The so-called "English" walnut originated in Persia, where it throve for many centuries before it was carried to Europe—to England, Germany, France, Spain and Italy—different varieties adapting themselves to each country. The name "walnut" is of German origin, meaning "foreign nut." The Greeks called it "the Royal nut," and the Romans, "Jupiter's Acorn," and "Jove's Nut," the gods having been supposed to subsist on it.

The great age and size to which the walnut tree will attain has been demonstrated in these European countries: one tree in Norfolk, England, 100 years old, 90 feet high, and with a spread of 120 feet, yields 54,000 nuts a season; another tree, 300 years old, 55 feet high, and having a spread of 125 feet, yields 1,500 pounds each season. In Crimea there is a notable walnut tree 1,000 years old that yields in the neighborhood of 100,000 nuts annually. It is the property of five Tartar families, who subsist largely on its fruit.

In European countries walnuts come into bearing from the sixteenth to the twenty-fourth year; in Oregon, from the eighth to the tenth year; grafted trees, sixth year.

The first walnut trees were introduced into America a century ago by Spanish friars, who planted them in Southern California. It was not until comparatively recent years that the hardier varieties from France, adapted to commercial use, were planted in California and later in Oregon. They were also tried in other localities, but without success.

Since the prolific productiveness of the English walnut on the Pacific Coast has been assured, many commercial groves have been set out.


The first walnut trees were planted in Oregon in limited number for purely home use, "just to see if they would grow," and they did. Thus the state can boast of single trees close to sixty years of age, each with admirable records of unfailing crops, demonstrating what a fortune would now be in the grasp of their owners had they planted commercially.

In Portland, Oregon, on what is known as the old Dekum place, 13th and Morrison streets, there are two walnut trees, planted in 1869, that have yielded a heavy crop every fall since their eighth year, not a single failure having been experienced. The ground has never been cultivated. The nuts planted were taken at random from a barrel in a grocery store. During the "silver thaw" of 1907, the most severe cold spell in the history of Oregon, one of the trees was wrenched in two, but the dismembered limb, hanging by a shred, bore a full crop of walnuts the following season.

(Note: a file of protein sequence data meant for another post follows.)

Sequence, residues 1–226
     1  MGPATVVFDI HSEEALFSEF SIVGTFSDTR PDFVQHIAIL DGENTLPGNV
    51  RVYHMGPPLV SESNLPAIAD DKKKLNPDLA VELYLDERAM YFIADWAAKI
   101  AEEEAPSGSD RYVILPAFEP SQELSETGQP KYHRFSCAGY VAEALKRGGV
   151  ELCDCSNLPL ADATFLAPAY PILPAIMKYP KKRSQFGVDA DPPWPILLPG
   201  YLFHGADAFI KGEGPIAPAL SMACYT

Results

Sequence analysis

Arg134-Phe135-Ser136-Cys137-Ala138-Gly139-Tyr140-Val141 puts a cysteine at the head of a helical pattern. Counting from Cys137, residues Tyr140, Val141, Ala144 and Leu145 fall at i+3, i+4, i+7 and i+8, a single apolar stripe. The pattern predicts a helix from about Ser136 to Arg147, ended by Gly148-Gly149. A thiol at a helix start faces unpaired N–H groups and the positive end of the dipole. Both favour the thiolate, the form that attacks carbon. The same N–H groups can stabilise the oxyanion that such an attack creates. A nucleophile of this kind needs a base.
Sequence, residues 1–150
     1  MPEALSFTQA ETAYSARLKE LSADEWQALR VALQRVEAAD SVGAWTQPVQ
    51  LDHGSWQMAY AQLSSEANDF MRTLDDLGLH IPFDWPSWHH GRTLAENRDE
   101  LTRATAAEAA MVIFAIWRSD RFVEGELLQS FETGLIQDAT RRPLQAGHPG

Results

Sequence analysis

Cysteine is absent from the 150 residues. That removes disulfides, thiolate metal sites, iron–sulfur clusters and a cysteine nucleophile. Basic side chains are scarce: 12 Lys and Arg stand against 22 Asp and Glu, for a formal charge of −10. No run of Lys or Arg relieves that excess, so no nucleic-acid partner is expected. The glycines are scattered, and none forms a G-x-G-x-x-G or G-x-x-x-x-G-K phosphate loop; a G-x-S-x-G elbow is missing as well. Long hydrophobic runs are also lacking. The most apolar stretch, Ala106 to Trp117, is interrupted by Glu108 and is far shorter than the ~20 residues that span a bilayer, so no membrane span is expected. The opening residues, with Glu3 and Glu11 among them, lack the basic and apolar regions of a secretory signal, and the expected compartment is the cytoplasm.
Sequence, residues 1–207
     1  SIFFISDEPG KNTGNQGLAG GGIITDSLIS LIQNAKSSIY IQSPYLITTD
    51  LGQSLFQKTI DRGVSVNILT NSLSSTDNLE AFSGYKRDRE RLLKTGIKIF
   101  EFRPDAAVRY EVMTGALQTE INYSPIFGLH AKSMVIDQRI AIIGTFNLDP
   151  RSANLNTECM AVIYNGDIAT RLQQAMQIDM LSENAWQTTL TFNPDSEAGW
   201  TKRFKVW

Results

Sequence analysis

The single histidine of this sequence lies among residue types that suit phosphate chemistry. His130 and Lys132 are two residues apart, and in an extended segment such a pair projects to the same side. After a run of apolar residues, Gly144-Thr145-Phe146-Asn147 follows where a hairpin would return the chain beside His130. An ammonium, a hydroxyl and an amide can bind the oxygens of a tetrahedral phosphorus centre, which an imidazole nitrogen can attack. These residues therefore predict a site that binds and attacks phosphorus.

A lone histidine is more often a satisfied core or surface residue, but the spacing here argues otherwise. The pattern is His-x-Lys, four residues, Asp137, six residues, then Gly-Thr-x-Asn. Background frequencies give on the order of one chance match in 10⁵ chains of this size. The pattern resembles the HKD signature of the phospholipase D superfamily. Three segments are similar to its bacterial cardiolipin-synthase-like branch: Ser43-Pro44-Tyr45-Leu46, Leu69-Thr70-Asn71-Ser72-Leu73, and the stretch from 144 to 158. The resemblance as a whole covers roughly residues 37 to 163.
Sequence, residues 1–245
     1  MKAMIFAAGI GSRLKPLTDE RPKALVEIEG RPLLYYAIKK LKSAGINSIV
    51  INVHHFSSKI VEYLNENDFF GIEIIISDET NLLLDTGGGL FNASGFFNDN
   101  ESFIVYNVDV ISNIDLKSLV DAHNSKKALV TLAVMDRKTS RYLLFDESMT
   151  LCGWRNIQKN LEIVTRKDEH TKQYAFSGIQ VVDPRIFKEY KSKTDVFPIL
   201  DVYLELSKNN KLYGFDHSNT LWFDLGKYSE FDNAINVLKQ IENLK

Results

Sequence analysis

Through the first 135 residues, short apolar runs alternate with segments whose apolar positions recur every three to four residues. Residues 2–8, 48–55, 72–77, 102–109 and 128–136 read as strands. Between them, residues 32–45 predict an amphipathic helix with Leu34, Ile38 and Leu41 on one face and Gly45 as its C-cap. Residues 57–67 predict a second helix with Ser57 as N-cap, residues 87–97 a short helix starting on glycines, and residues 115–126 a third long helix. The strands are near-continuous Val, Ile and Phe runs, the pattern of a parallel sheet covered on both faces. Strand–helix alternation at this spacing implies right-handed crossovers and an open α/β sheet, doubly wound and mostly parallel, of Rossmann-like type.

N. A. King, at 175 Twenty-first street, has some fine, old trees that have not missed bearing a good crop since their eighth year.

Henry Hewitt, living at Mt. Zion, Portland, an elevation of 1,000 feet, has many handsome trees, one, a grafted tree fifteen years old, that has borne since its fifth year. Another tree of his buds out the fourth of July and yields a full crop as early as any of the other varieties.

In Salem, there is what is known as the famous old Shannon tree, fully thirty years old, with a record of a heavy crop every season.

Mayor Britt, of Jacksonville, has a magnificent tree that has not failed in twenty years.

Dr. Finck, of Dallas, has a large tree seventeen years old that bore 70 pounds of nuts in its thirteenth year, and has increased ever since.

C. H. Samson, of Grants Pass, has a grove of 250 trees, now ten years old, that bore at seven years.

Mr. Tiffany, of Salem, has a fifteen-year-old tree that at thirteen years bore 115 pounds.

Mr. E. Terpening, of Eugene, has four acres of walnuts grafted on the American black, which in 1905 produced 700 pounds, in 1906 produced 1200 pounds, in 1907 produced 2000 pounds, and in 1908 produced 3000 pounds. He tried seedlings first, but they were not satisfactory. The Epps and Reece orchard near Eugene produces about 100 pounds per tree, at 12 years of age.

Mr. Muecke, of Aurora, planted a dozen walnuts from his father's estate in Germany; they made a splendid growth, and at six years bore from 500 to 800 nuts to a tree.

Mr. Stober, of Carson Heights, planted nuts from Germany with satisfactory results.

Mrs. Herman Ankeny, of New Era, has seven young trees that in 1907 netted her $15 a tree.

Cozine tree on A street, McMinnville. Seedling, 15 years old; bears good crop of nuts every year. At 14 years old the crop was 125 pounds. Is 16 inches in diameter and has a spread of 42 feet.

One sixteen-year-old tree near Albany netted its owner $30.

A Franquette walnut near Brownsville yielded eight bushels at ten years.

The French varieties planted in and around Vancouver commenced bearing at seven years, and have never failed. Prominent growers are A. A. Quarnberg, A. High, Mr. H. J. Biddle, C. G. Shaw.

In Yamhill county, Ed. Greer, James Morison, F. W. Myers, D. H. Turner and Bland Herring all won prizes at the first walnut fair held in the state, on nuts from their groves.


The wood of the English walnut is very hard and close grained, and nearly as hard and tough as hickory. It will no doubt be valuable for furniture, finishing lumber and any other use that may require a first-class hard wood.